stepping

Following Jesus One Step at a Time

Second Sunday in Lent

Mark 8: 31-38

This Second Sunday of Lent we come face to face with the hard news of following Jesus. Last week we read of Jesus in the wilderness facing Satan and wild beasts. That was hard, but that was about Jesus. This week there is no skirting the issue; Jesus is talking to us about what it means to follow him. This is hard and it’s about us. Read more

baptism

Dead in the Water

First Sunday of Lent

Genesis 9:8-17
1 Peter 3:18-22
Mark 1:9-15

Lent is wasted on the orderly, the continent, the well-behaved. Forego some trivial luxury if it makes you feel better, but do it on your own time, please.

Lent is for those whose lives are a mess: an invitation, once again, to acknowledge the fragile illusions in which we place so much trust, to name the destructive power of our deep habits. The traditional practices of Lent – prayer, fasting, and almsgiving – were never meant to make good people better, much less make them more appealing to God.

Lenten practices are nothing less than little deaths, killing off the unnecessary within what we like to call “ourselves,” chiseling away chunks of rough marble hiding the delicate human figure inside. Not that we are the killers or sculptors. We enter the practice the way one enters the waters of baptism: called but never in control, ready at last to drown in the ocean of God’s unearned forgiveness. Read more

Living in a Material World: Lent and Our Bodies

Remember you are soil, and to soil you shall return. Gen. 3:19

The language of “spiritual journey” is commonplace in describing the season of Lent–the 40-day pilgrimage Christians undertake as they trek with Jesus from the wilderness to the garden to the garbage heap of Golgotha and beyond. “Spiritual” in this context, as in almost every other, is so vague as to be not merely unhelpful but an actual obstacle to understanding what it is that Lent through the centuries has called Christians to.

Generally, “spiritual” is meant to signal a concern with matters of the heart or the soul or the deepest self. More pointedly, it almost always springs from–even as it continues to endorse–the tired dualisms of modernity that have divided body from soul, matter from spirit, earth from heaven. This false divide, as Wendell Berry has observed, is “a fracture that runs through the mentality of institutional religion like a geologic fault.”

Interestingly, it is geology (sort of) that can help get us back on track or–forgive the pun–onto solid ground. When we receive the ashes on our foreheads we are marked with a visible sign of our mortality, yes, but we are also reminded of our link to all of creation past, present, and future–to elements both earthly and celestial, to the soil and to the stars. (We could even say: “remember you are stardust, and to stardust you shall return!”).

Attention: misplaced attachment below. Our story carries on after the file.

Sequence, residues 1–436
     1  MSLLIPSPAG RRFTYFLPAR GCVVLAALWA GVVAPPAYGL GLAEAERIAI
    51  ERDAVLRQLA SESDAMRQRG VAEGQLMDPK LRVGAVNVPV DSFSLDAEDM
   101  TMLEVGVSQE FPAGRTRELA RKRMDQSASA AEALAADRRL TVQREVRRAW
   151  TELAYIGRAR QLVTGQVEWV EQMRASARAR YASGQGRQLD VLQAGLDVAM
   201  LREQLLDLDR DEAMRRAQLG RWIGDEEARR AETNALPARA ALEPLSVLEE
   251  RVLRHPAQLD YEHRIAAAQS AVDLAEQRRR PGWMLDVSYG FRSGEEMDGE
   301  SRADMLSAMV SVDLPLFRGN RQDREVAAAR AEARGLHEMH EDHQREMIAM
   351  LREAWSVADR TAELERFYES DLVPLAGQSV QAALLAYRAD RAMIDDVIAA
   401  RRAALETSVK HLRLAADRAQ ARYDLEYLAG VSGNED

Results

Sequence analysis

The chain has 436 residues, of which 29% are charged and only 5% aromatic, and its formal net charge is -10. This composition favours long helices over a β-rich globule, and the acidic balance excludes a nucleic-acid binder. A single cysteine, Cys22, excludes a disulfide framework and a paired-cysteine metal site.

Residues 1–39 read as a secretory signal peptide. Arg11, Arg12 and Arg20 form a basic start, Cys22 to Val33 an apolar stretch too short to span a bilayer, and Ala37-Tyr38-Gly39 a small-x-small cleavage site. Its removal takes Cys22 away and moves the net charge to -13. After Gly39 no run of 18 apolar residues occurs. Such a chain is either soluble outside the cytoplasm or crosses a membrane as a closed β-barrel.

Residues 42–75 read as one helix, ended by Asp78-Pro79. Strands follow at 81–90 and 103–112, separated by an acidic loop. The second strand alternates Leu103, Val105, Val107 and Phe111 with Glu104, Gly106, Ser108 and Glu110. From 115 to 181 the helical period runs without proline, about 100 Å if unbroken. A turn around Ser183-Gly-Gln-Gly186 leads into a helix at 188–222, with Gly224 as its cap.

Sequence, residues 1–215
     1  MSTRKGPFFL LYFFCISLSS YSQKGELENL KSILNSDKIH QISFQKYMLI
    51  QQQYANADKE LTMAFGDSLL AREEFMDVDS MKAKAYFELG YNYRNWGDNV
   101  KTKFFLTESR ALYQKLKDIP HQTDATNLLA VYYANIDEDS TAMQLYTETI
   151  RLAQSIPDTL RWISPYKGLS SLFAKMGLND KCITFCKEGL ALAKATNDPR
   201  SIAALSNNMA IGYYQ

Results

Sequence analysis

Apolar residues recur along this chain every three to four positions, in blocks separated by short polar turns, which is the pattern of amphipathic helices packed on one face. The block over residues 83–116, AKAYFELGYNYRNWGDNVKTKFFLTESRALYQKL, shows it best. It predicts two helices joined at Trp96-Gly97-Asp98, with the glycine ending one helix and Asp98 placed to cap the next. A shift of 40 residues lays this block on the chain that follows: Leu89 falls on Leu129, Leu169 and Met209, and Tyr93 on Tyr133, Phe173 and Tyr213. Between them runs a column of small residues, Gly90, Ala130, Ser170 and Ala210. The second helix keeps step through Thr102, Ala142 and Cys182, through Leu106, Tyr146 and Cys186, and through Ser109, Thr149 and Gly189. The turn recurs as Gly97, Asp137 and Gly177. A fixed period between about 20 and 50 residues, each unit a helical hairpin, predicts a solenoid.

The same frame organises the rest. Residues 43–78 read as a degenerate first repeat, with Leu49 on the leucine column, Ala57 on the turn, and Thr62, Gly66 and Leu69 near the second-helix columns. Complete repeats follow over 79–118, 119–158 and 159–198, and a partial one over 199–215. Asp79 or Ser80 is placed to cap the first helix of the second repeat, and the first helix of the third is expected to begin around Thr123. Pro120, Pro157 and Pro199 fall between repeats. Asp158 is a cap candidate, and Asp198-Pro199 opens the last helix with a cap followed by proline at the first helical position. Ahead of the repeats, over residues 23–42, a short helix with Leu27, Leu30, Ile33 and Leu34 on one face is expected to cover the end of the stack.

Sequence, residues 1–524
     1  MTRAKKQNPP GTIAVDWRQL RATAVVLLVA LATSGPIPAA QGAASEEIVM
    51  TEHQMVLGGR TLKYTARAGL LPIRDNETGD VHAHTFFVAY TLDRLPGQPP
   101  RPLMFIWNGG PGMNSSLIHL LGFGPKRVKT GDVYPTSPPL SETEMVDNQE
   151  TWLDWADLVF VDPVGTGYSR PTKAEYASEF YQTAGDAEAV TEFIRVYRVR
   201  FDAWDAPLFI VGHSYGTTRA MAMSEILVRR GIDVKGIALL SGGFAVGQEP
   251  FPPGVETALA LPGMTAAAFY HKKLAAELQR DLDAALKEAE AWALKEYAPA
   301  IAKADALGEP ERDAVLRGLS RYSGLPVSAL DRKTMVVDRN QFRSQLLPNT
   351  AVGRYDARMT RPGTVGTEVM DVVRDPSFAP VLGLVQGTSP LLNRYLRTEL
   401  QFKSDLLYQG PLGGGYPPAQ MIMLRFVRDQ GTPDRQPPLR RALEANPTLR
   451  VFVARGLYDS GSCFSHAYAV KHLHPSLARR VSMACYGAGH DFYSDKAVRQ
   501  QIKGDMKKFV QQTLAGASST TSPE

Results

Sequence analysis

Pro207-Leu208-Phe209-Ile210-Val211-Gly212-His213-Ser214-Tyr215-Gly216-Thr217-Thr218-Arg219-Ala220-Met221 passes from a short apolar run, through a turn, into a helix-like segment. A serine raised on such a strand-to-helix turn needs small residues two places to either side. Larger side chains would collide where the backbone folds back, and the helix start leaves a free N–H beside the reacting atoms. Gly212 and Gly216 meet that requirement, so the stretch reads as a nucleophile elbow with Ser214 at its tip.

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Submerging Church

This blog by EP Endorser Lee Wyatt is running on the Slow Church website run by Chris Smith.

Though we live (or have lived) in the age of the Emerging/Emergent Church, I have a different proposal for a new vision of church. I call it the Submerging Church! Am I serious, you ask? Maybe. Maybe not. Maybe both. Read on and see what you think.

The Submerging Church, as I see it, is radically subversive, relentlessly incarnational, and ruthlessly hospitable. It dives deeply into everyday life, sharing it with others, while at the same time questioning and critiquing the conditions of that life we share. Since this community lives from its center, the risen Jesus Christ, its boundaries are porous and permeable with arms outstretched to everyone who encounters it.

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The Transfiguration

Plastic Minds and Magic Eyes

Last Sunday After Epiphany (Year B) RCL

2 Kings 2:1-12
2 Corinthians 4:3-6
Mark 9:2-9

Not long ago my nephew was forcing me to find Waldo in page after page of busy scenes where somewhere there was a goofy guy in red and white stripes.  “Where’s Waldo”, “Magic Eye”–we love seeing games where we must pick out an image from visual confusion.  Perhaps this love comes from our history as hunters and gathers, when we had to unmask the camouflage of animals in order to gain our daily food.  Whatever it is, we love seeing what was invisible made suddenly apparent.

The ability to see beyond the obvious is a skill and we have to develop it.  I know people who have never been able to make a “magic eye” picture work for them, but most of us, after we see one “magic eye” image can see any “magic eye” image.  Once we learn how to see, we are able to see everything and anything anew.

Seeing is the common thread of The Revised Common Lectionary readings for this last Sunday of Epiphany.  Elisha must see Elijah taken up into heaven in order to have his double spirit, in 2 Corinthians Paul speaks of “the god of this world”  blinding “the minds of the unbelievers, to keep them from seeing the light of the gospel of the glory of Christ, who is the image of God,” and finally in the Gospel reading we have the recounting of the transfiguration where Peter, James and John see Christ glorified in an apocalyptic meeting with Moses and Elijah. Read more